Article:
The shift, however, is inevitable and embraced by a growing cadre of doctors, who swear by the technology and say patients receive better care from programs that flag dangerous drug interactions, send prompts and reminders, sort patient data, and plot charts into meaningful patterns.
“It’s in your face for safety,” said Charles Cooperberg, a Durham nephrologist who uses a program called Allscripts Professional, and whose 12-person practice netted $18,000 per doctor in federal incentives in 2011. “Multiple people can have the chart up at the same time. It doesn’t really matter. Everything’s everywhere.”
The trio of major health systems in the Triangle have been using a patchwork of electronic records for years, adding so many systems over time that they now have several hundred separate programs that have to be cobbled together with patches and interfaces.
WakeMed Health & Hospitals, with a network of 250 doctors, uses 130 systems of bedeviling complexity. When the WakeMed system made an internal change, reclassifying NICU from Neurological Intensive Care to Neo-Natal Intensive Care, the new classification required a month and a half of reprogramming, debugging and testing.
“If something that simple takes six weeks, we came to a conclusion that we had to make a change to a single system,” said Denton Arledge, WakeMed’s chief information officer. “All these very large hospitals in the state have the same issue.”
Hospitals choose systems
WakeMed expects to spend more than $100 million over five years on new software and implementation. For its trouble, the health care company is also counting on federal incentives of $15 million to $18 million.
Duke University Health System is replacing 135 electronic networks with a single system at a cost of more than $500 million over seven years. The federal incentive likely will come to about $50 million, said Tom Owens, chief medical officer. Over a two-month period next year, the Duke health system will train 7,000 people on the new network, he said.
The UNC system, which includes Rex Healthcare in Raleigh, expects to select a vendor this month. The health system uses several hundred software applications to manage records, billing, scheduling and other functions.
Patients will see big changes, too, when they are processed through a single health system. For starters, they will get one bill instead of sorting through a confusing array of multiple bills sent from different departments.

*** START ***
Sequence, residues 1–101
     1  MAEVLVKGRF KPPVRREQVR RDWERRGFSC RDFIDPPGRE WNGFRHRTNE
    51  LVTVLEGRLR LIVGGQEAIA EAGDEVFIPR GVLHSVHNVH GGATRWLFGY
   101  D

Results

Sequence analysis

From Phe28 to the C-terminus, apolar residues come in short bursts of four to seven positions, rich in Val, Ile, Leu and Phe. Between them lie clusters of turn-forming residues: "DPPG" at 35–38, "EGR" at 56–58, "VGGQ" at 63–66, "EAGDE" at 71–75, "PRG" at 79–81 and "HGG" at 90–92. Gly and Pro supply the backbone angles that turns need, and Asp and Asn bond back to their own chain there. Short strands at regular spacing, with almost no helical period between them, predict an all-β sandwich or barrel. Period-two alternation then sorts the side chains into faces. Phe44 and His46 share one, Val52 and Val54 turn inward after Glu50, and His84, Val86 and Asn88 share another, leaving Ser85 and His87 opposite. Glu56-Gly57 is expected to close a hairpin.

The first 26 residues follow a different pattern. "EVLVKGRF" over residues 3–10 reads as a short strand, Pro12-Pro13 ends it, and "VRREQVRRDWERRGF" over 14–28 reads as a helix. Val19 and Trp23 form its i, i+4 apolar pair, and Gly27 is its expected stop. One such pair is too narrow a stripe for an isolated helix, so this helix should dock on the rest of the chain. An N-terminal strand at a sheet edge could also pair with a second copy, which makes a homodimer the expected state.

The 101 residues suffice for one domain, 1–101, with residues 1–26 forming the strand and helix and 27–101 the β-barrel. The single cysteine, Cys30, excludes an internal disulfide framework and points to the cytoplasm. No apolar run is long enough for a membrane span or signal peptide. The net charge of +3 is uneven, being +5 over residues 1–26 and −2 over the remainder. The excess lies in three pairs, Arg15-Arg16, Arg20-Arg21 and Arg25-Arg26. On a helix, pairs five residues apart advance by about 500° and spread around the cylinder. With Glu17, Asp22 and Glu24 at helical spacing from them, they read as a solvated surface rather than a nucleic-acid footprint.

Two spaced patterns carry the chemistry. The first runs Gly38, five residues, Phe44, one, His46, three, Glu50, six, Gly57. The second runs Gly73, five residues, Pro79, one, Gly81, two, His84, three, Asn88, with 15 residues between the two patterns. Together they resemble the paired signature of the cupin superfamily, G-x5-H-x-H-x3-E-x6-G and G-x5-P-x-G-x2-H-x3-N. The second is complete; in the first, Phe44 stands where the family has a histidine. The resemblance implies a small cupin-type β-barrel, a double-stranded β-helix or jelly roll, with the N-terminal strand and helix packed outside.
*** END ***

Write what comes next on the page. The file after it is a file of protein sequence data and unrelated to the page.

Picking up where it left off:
“They will all get one bill. At a minimum, you get two bills now,” said Linda Butler, chief medical officer at Rex Healthcare.
“Patients won’t have to retell what medication they’re on 17 times because the systems don’t communicate with each other,” she said.
Talbert is dreading the change he’ll have to make. He said his practice had to cut its workload in half to learn how to use the MyWay system sold by Allscripts.
Aprima to the rescue
When Allscripts said Oct. 5 that it would discontinue MyWay, competitor Aprima announced that Allscripts was “abandoning” its customers. Dallas-based Aprima has since retracted that characterization but says in its statements that it is “rescuing” MyWay users.
Aprima has offered to give MyWay doctors an $8,500 software license for free for switching to Aprima’s electronic medical records system.
Allscripts is offering to upgrade Talbert and other doctors from MyWay to a different Allscripts software program, called Professional, at no extra cost.
“Ease of use was really critical to our decision here,” Allscripts President Lee Shapiro said of the MyWay phase-out.
The company says 180,000 doctors use its electronic records software, about a third of the nation’s practicing physicians, Shapiro said.
Cooperberg, the Durham kidney specialist, said computerized patient records are essential in his specialty, where patients sometimes use a dozen drugs and have multiple illnesses that must be monitored carefully.
“No one could read my writing – I couldn’t read my own writing,” Cooperberg said of his scrawled prescriptions, a common complaint in the medical profession. “I could never go back to paper.”